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Foresight Activities > Foresight Conferences > The 1st Adv. Nanotech. Conf. > Abstracts

Nanomaterials for Environmental Applications

Tarek Abdel-Fattah*

Christopher Newport University
Newport News, VA 23606 USA

This is an abstract for a presentation given at the
1st Conference on Advanced Nanotechnology:
Research, Applications, and Policy


Nanostructured materials possess novel hybrid properties characteristic of neither the molecular nor the bulk solid state with sized dependent behavior. Nonoporous materials, characterized by well-defined pore and/or cavities size in nanometer scale with unique molecular sieving capabilities and ultrahigh surface area suitable as hosts and templates for fabrication of nanoscale devices. We will discuss the fundamental principle for designing synthesis and characterization nanoporous adsorbents for environmental remediation. For example, lead ions in soils and stormwater run-off from small arms firing range (SAFR) is a concern of national proportion. Various adsorption technologies have been studied to obviate the problem of lead species releases to the environment [1]. We present in this study the equilibrium adsorption of aqueous Pb2+ ions by nanocomposites HMS, MCM-41, and MCM-48. Kinetics and isotherm models were prepared, and the effects of pH 2 to pH 12, competing ions, and 25°C, 35°C and 45°C temperatures, on performance were investigated. Isothermic measurements fit Freundlich and Langmuir models. Average percent Pb2+ removal for HMS, MCM-41, and MCM-48 was 94%, 97%, and 97%, respectively. Ionic competition reduced Pb2+ removal by HMS, but enhanced MCM-41 and MCM-48 performance. HMS began to release Pb2+ ions below a pH of 6 and MCM-41 and 48 began to release Pb2+ below a pH of 4. MCM-41 demonstrated potential for SAFR applications with the greatest range of pH, and a consistent performance in the presence of competing ions and increasing temperatures.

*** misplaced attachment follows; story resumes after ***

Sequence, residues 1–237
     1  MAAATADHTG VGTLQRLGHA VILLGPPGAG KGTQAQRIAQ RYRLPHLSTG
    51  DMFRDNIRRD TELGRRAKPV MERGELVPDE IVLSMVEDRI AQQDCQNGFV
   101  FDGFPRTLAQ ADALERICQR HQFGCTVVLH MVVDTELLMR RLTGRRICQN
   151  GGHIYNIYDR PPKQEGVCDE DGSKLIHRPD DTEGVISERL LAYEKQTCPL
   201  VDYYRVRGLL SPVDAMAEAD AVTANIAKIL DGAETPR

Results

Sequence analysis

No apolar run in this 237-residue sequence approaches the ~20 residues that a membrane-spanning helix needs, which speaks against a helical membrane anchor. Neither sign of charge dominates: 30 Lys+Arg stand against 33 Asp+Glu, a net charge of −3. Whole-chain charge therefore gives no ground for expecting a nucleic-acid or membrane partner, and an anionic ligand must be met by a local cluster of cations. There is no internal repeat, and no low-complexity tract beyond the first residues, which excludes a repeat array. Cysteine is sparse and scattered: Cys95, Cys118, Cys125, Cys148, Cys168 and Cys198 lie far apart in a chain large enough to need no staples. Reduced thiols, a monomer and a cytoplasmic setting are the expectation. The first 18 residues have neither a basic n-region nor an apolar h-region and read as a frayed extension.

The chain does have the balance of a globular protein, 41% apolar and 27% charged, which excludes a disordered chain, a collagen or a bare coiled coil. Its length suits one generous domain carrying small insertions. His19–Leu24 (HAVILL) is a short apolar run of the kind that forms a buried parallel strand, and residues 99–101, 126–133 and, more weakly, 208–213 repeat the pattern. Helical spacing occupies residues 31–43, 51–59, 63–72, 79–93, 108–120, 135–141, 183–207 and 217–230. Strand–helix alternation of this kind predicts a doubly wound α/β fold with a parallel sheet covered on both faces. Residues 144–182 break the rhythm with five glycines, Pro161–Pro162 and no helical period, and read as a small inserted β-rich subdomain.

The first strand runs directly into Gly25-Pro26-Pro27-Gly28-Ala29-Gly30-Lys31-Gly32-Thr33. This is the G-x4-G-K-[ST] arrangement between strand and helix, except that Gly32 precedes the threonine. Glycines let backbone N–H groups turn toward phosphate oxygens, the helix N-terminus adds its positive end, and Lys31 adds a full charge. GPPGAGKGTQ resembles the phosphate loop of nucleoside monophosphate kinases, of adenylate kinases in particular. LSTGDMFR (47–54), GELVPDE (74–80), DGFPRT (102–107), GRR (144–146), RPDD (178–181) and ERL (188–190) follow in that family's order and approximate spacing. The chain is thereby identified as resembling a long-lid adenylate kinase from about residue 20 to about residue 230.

[1] Small Arms Range Lead Management Issues: Activated Carbon, Molecular Sieves (5A and 13X) and Naturally Occurring Zeolites as Lead Adsorbents. Tarek M. Abdel-Fattah, Larry K. Isaacs and Kelly B. Payne, Federal Facilities Environmental Journal, 14(2), 113 (2003)

*Corresponding Address:
Tarek Abdel-Fattah
Department of Biology, Chemistry and Environmental Science
Christopher Newport University
1 University Place, Newport News, VA 23606 USA
Phone: 757-594-7606 Fax: 757-594-7209

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